Politics, Poverty & Development, Reviews, Society
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Born a Crime by Trevor Noah

Born a Crime by Trevor Noah, We Should All Be Feminists by Chimamanda Ngozi Adichie

‘Born a Crime’ by Trevor Noah:

When a book is described as “[p]owerful, charming… clever” (The Times) “witty … brilliant” (The Oprah Magazine) and “raw, compelling” (New York Times) it has a lot to live up to before you even open the front page. ‘Born a Crime’ by Trevor Noah lives up to hype, and goes much much further. This was a book that I had seen mentioned on #bookstagram multiple times, and I was eager to get my hands on a copy myself. In short ‘Born a Crime’ is all the things described above and much much more.

Writing about his childhood growing up during apartheid South Africa, the blurb reads…

“Trevor Noah was born a crime – not because he could answer back in five languages; not because his mother threw him out of the window of a moving car; not because he accidentally burnt down someone’s house with a magnifying glass; not even because he took Hitler to a bar mitzvah – but because this was South Africa and his mother was black and his father was white…”

Despite having studied history GCSE & A-Level I never learnt about apartheid in South Africa and therefore only have exceptionally top-level knowledge about what took place. Reading ‘Born a Crime’ has left me wanting to further study this period of recent history. For me the Guardian summed it up perfectly when they said “Born a Crime does more to expose apartheid – its legacy, its pettiness, its small-minded stupidity and its damage – than any other recent history or academic text”.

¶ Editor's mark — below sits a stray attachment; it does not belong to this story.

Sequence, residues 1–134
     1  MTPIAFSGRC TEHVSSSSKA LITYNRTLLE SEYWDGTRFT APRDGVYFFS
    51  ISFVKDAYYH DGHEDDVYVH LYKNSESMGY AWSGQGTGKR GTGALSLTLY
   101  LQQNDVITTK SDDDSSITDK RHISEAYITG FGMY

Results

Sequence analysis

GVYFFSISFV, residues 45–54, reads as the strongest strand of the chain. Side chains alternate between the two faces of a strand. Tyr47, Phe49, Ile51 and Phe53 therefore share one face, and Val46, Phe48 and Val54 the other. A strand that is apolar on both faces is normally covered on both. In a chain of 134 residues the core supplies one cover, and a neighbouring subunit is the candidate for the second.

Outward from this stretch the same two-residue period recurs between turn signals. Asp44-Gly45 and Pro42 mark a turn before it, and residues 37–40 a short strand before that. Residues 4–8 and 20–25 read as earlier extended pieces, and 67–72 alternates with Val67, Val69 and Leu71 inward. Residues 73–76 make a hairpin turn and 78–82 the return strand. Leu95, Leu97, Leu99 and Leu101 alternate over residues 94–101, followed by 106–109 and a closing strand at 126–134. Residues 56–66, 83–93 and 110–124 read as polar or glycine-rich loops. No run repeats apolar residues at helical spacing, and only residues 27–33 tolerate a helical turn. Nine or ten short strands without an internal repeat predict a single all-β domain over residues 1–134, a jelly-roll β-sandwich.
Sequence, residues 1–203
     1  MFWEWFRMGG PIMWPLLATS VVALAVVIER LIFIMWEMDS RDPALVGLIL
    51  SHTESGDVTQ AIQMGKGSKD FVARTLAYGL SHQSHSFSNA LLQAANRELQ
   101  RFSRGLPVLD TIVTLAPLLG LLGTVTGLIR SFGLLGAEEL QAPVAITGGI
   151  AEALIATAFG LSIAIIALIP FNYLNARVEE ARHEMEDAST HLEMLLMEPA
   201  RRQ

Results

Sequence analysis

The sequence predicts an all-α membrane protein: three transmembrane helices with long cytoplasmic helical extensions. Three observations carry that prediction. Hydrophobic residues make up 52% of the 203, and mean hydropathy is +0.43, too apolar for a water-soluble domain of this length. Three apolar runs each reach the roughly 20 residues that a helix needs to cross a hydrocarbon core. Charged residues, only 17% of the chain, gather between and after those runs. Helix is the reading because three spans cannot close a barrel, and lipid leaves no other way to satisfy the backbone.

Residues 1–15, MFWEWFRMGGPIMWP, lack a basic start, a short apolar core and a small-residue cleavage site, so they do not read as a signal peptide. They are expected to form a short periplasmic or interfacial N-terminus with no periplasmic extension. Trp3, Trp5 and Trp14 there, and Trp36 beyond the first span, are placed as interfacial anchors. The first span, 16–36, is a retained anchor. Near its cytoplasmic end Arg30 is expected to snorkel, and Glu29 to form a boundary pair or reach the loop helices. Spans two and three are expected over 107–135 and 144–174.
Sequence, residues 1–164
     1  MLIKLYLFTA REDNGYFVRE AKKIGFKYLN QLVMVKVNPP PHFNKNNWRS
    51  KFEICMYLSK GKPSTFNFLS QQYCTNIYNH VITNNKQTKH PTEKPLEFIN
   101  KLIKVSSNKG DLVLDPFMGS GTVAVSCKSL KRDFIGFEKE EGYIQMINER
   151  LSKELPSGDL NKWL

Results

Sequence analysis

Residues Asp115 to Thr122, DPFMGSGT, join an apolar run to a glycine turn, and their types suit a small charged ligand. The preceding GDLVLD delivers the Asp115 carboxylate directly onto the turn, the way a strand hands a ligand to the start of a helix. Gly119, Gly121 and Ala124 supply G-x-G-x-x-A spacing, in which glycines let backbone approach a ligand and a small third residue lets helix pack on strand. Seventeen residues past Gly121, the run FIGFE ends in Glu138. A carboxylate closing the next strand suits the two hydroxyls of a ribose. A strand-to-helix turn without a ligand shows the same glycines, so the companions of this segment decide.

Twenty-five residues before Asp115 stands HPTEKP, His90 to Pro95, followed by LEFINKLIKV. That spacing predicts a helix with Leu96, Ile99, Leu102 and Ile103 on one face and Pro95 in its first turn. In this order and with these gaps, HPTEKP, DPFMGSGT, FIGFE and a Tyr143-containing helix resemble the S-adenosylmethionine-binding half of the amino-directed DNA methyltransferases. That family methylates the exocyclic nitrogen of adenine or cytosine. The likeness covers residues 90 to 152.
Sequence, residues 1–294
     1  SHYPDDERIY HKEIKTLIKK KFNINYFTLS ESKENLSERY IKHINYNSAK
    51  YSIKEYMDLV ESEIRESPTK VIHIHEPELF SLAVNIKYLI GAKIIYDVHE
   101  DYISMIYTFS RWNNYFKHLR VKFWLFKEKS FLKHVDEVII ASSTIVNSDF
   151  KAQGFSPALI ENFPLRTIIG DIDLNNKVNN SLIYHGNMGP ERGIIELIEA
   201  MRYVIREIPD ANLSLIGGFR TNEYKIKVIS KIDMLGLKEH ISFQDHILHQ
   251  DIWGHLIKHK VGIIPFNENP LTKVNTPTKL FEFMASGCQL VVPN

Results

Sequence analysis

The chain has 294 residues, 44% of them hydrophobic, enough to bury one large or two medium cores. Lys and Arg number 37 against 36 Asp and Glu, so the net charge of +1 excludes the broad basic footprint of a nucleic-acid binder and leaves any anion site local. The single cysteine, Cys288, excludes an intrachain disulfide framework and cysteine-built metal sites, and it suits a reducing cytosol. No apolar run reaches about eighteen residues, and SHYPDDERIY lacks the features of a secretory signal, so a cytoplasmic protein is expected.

Prior to reading this book, my only exposure to Noah was through viral stand-up comedy clips online, and snippets taken from his talk show in the States. Despite not being totally familiar with his character, throughout the book his voice & personality shine through (or at least his TV persona). He manages to cover racism, domestic violence, crime, & poverty through the lense of personal experience, without making the book to depressing or sombre. Noah is clearly a natural story teller, which shines through in this work. His use of humour throughout connects with the reader immediately, and draws us in to both him and his mother. It is raw. It is honest. It is personable.

Whilst discussing this book on #bookstagram someone recommended the audiobook to me. As I had already purchased the paper copy I didn’t want to spend any additional money. However, I feel that hearing the book read in Noah’s own voice would be incredible & add another insanely human touch right into the heart of the book.

Finally, one of the things I particularly enjoyed about ‘Born a Crime’ is that despite it being a personal story of Noah’s childhood, he still includes little gems of philosophical wisdom. The main one that stuck with me is “[p]eople don’t want to be rich. They want to be able to choose. The richer you are, the more choices you have. That is the freedom of money”.

‘Born a Crime’ in Facts:

Author: Trevor Noah
First Published: 2016
Publishing House: John Murray
Pages: 285

Instagram: @nonfictionmillennial


  1. Sophie says

    I think ‘The Shadow of the Sun’ by Ryszard Kapuscinski would be a good follow up read to this book.


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